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The Statement of the Immigration Problem

What is the immigration problem?

The people of the United States stand for what, in their judgment, is the highest, best civilization in the world. Beyond question this judgment is often a narrow one. Few people know the best characteristics of the leading European nations, much less those of the more remote civilizations of India, Japan and China; but however biased their judgment may be, the Americans undeniably wish to maintain their standard, and if possible to raise it. The problem becomes then, How does immigration affect American civilization now, and what is its influence likely to be in the future?

In order to solve a problem of this nature it becomes necessary:

1. To fix for ourselves a standard of civilization; 2. To secure all the facts about immigration that bear in any important way upon our civilization;

3. To measure as carefully as possible the influence of these facts upon that standard; and

4. As a practical people, if immigration and the conditions brought about by it are affecting our civilization unfavorably, to suggest measures, either governmental or social, that will prove to be a sufficient remedy.

Immigration of foreigners into the United States has been long recognized as one of our important social and political problems. Perhaps no other question has aroused more bitter feelings at times, or has called out more lofty sentiments of altruistic purpose. On the one hand, our Government has been besought to protect our people from the "degrading influence" of the immigrant. On the other, it has been declared that our doors should never be closed against those suffering from religious or political persecution. Generally speaking, there has been little difference of opinion regarding the latter sentiment. There has been great difference of opinion, however, relative to the effects, economic, social and moral, of immigration upon American standards of living. Usually the question, especially the effect of immigration upon industrial conditions, has been discust with very little real knowledge.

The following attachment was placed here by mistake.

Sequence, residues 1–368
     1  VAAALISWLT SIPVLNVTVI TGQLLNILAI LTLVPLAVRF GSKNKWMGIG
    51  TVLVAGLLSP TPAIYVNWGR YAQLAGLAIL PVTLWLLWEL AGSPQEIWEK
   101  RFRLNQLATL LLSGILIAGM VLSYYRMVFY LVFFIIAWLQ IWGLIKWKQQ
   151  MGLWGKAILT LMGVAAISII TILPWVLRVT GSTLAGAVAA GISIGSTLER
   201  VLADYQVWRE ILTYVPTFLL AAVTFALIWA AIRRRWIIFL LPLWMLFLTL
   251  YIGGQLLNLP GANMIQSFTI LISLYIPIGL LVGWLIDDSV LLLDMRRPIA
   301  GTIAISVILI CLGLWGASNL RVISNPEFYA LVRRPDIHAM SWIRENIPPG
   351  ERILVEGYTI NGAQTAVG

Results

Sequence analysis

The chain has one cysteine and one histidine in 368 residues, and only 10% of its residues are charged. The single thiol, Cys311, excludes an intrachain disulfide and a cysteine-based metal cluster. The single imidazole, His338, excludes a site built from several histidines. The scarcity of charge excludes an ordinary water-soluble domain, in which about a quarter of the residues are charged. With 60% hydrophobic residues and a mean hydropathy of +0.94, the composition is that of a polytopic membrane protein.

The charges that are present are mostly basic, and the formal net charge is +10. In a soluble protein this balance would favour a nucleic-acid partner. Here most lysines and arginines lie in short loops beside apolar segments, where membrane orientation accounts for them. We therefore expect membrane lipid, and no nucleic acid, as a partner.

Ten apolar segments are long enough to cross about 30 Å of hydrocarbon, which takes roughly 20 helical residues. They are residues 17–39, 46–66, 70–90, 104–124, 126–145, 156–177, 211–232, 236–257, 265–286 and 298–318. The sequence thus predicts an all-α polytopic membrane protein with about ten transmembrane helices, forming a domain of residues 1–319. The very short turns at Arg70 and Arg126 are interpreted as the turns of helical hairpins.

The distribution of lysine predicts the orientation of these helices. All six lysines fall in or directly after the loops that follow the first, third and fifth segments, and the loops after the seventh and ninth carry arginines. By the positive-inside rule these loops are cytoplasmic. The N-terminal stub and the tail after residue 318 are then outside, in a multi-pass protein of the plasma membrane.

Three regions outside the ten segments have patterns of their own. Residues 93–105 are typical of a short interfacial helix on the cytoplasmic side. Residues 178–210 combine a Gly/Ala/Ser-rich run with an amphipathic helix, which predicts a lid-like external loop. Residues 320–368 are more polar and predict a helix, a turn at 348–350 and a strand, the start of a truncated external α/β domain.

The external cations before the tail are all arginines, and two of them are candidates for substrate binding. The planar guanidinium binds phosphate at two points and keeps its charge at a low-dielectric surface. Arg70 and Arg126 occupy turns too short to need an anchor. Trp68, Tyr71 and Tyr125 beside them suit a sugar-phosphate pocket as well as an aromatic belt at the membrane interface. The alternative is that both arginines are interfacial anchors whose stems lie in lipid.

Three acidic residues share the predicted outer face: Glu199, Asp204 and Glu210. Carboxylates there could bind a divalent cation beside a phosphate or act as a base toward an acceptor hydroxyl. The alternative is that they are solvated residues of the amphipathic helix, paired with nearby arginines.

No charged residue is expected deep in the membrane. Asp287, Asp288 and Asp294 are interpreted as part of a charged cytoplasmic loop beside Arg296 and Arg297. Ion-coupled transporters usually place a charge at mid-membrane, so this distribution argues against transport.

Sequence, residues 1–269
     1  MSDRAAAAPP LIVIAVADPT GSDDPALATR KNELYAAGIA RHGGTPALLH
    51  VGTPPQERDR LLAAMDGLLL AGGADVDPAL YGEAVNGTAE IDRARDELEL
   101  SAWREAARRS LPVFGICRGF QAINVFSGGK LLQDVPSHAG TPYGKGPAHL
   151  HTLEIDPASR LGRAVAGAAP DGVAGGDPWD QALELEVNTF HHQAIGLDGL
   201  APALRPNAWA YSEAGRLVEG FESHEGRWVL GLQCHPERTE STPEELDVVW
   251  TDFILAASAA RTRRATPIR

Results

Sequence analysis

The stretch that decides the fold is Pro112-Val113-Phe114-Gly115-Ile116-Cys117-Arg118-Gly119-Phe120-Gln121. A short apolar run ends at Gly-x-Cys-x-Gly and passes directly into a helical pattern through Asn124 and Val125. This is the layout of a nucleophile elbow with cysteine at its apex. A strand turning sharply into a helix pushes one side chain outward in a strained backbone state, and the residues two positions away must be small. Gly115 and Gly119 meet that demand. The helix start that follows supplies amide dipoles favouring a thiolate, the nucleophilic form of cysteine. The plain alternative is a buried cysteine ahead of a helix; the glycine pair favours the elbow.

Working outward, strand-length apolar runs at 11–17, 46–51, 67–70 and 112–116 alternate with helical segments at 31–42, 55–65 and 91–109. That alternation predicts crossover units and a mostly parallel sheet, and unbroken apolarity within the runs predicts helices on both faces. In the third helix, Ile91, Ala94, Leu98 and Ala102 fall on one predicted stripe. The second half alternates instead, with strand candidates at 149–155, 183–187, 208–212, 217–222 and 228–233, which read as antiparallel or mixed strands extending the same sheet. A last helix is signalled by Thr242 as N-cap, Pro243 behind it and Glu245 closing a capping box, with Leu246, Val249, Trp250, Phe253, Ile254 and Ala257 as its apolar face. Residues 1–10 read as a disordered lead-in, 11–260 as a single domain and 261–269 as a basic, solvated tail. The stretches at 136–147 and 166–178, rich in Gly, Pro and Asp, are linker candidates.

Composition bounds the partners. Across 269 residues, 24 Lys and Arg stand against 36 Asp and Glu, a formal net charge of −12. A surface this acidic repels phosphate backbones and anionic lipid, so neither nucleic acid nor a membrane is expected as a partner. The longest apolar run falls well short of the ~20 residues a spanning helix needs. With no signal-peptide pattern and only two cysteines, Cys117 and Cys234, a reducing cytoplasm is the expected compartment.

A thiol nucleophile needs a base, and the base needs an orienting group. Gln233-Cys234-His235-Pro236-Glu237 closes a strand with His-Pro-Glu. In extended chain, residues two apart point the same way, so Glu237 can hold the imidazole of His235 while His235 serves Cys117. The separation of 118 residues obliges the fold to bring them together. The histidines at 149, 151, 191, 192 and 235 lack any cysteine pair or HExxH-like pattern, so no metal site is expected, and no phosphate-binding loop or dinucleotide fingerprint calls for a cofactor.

Of late years American wage-earners generally have considered immigration injurious to their interests. The employers of labor, viewing the question from a different standpoint, have often urged the scarcity of labor and the need of immigration to develop properly our country's resources. Still others have felt that, regardless of the industrial effect, the ideals of our country as the home of the opprest ought not to be lowered.

On February 20, 1907, a general Immigration Act passed by Congress became law. In the discussions before Congress no change in the general immigration policy of the Government was at first proposed. Later an amendment was passed by the Senate, inserting a literacy test for the immigrant, which provided for the exclusion of "all persons over sixteen years of

age and physically capable of reading, who can not read the English language or some other language; but an admissible immigrant or a person now in or hereafter admitted to this country may bring in or send for his wife, his children under eighteen years of age, and his parents or grandparents over fifty years. of age, if they are otherwise admissible, whether they are so able to read or not."*